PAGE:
We cannot allow our portfolio of academic programs to grow beyond the ability of the market to sustain these programs or in a way that drives up our overhead and further fuels overhead costs. To do so would mean we have to charge our students more and more in tuition, putting them into debt or making it impossible to enroll a diverse group of students. That is a social justice problem of another variety. Addressing the cost of education for SIT is an ethical issue as well as a business model issue.
We need to be very strategic, control costs, and manage our price increases carefully. We are almost entirely dependent upon tuition revenues. We must become more effective at individual donor, foundation, and corporate fundraising.
We also must find a cost-effective way to build alumni engagement because they open doors for us, send us students, and become the donors of tomorrow.
Finally, the global economy is fragile, and we are exposed to many political and social instabilities around the world. Enrollments in our programs are going to fluctuate. Larger institutions with more financial resources face the same challenge. Yale University, down the road, projects a 40 million dollar deficit this year. Of course, they have an endowment of 20 billion dollars as well. Nevertheless, they will have to cut costs just as we have done. We must address the challenges of our financial model so that we do not run regular budget deficits through these measures: cost control, new or revised financial aid and pricing models, enrollment growth wherever possible. Finally, through careful planning, budgeting, and fundraising, when we have the resources available to do so and there is clear mission fit, we can consider strategically opening new programs or lines of business. But we must be careful not to create new programs just because they are exciting or interesting areas for us to work in but rather when it is strategically imperative to do so in order to fulfill our mission.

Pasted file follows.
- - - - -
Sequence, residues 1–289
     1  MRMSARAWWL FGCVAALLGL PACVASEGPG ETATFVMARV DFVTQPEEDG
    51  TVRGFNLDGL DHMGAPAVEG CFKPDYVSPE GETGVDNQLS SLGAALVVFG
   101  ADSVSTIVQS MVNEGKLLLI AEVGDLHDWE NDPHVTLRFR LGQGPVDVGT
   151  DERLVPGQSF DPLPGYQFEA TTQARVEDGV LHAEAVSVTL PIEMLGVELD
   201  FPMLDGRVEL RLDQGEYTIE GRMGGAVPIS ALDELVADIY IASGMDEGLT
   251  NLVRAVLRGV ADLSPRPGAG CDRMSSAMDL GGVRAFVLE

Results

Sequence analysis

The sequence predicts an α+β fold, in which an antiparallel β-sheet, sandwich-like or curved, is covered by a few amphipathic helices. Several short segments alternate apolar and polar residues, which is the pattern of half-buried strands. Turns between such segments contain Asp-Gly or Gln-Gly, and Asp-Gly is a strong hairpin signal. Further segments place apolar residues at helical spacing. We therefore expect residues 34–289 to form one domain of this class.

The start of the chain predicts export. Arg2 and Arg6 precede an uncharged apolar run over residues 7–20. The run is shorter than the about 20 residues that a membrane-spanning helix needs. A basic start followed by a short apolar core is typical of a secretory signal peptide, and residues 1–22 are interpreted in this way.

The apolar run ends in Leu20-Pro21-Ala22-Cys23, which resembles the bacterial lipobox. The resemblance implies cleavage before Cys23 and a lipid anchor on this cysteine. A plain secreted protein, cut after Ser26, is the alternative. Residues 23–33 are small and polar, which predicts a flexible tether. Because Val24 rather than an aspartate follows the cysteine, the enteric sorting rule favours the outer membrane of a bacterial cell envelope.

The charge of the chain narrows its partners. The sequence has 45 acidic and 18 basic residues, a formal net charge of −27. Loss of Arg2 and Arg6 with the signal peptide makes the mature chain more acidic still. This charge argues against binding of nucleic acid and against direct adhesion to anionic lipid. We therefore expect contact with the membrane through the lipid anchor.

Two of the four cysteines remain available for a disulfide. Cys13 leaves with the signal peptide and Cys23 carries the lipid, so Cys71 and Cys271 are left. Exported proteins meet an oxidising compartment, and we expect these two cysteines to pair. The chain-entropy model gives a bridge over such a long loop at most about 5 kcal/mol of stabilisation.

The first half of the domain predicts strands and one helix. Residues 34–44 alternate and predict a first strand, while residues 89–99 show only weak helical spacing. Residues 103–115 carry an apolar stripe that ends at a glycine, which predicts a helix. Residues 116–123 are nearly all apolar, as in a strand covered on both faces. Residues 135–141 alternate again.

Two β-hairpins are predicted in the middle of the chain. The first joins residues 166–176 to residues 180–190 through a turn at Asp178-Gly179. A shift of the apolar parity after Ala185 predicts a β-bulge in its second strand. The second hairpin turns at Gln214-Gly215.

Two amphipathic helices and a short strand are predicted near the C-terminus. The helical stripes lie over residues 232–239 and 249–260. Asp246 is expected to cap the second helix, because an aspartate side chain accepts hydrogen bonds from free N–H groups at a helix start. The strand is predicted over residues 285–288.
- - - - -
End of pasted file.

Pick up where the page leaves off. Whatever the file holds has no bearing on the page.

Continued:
Fulfilling our mission also means remaining true to the value of community—something I mentioned in the opening paragraph. There is a parable, a teaching story that I want to repeat here today because it is illustrative. There was a community of monks that worked for social justice and over time, the community became less and less vibrant. People stopped coming to their retreats. Educational programs languished and fundraising slowed to a trickle and then a drop. The monks turned against one another. Bickering ensued. One day the abbot realized something had to be done. Now there was a Jewish rabbi down the valley in another community who was very wise and had been successful building community. The rabbi was now retired. So, the abbot went to have tea with her and explained his situation. At the end of a wonderful conversation about life and death and philosophy, the abbot said, “You know, you haven’t given me any advice.” The rabbi replied, “My advice is this. ‘The messiah is among you.’ ” “What does that mean?” the abbot cried. The rabbi repeated, “The messiah is among you.” So, muttering, the abbot went back down to his community and said, “Well, this great sage said the Messiah is among you.” A great stir arose in the community as the monks began to wonder. Well, clearly this can’t be true. Brother Richard is grumpy. Friar Tom overeats…. Fred is lazy. No way. But the abbot, scratching his chin, began to wonder … well perhaps this could maybe be true. Gradually the monks began to believe it and, you know, just in case…. Friar Tom went on a diet. Fred got up early and started a new literacy program. Some of the bickering stopped. You know, maybe we better be nice, you know, just in case the rabbi knew something we didn’t. Slowly the valley was abuzz with activity. Tourists returned first. The local press was interested in the new programs. Outreach led to interest. And slowly the community was back to health again.
We have our own parables to tell—real stories of real people. Last year, Sefakor Komabu Pomeyie was a student at SIT Graduate Institute. An amazing and talented young woman from Ghana, tenacious and fearless. She certainly helped me to be more mindful of different abilities on campus. She not only graduated, but she also won an Advancing Leaders Fellowship here at World Learning to help educate policy makers in Ghana on including people with disabilities in civil society. SIT is 50 years strong. 50 years vibrant. 50 years proud and 50 years rich in stories of the leaders and change makers shaping society today—over 100,000 of them.
Our challenges are very real. But so are our successes. The lessons of the past five years indicate that we can successfully produce a balanced budget and be financially healthy knowing that health is always fragile and thoughtful use of measurements will matter. The lessons of the past five years should also give us hope and incentive to build an even more robust set of programs and skills that endow individuals with the capacity to bring about positive global change.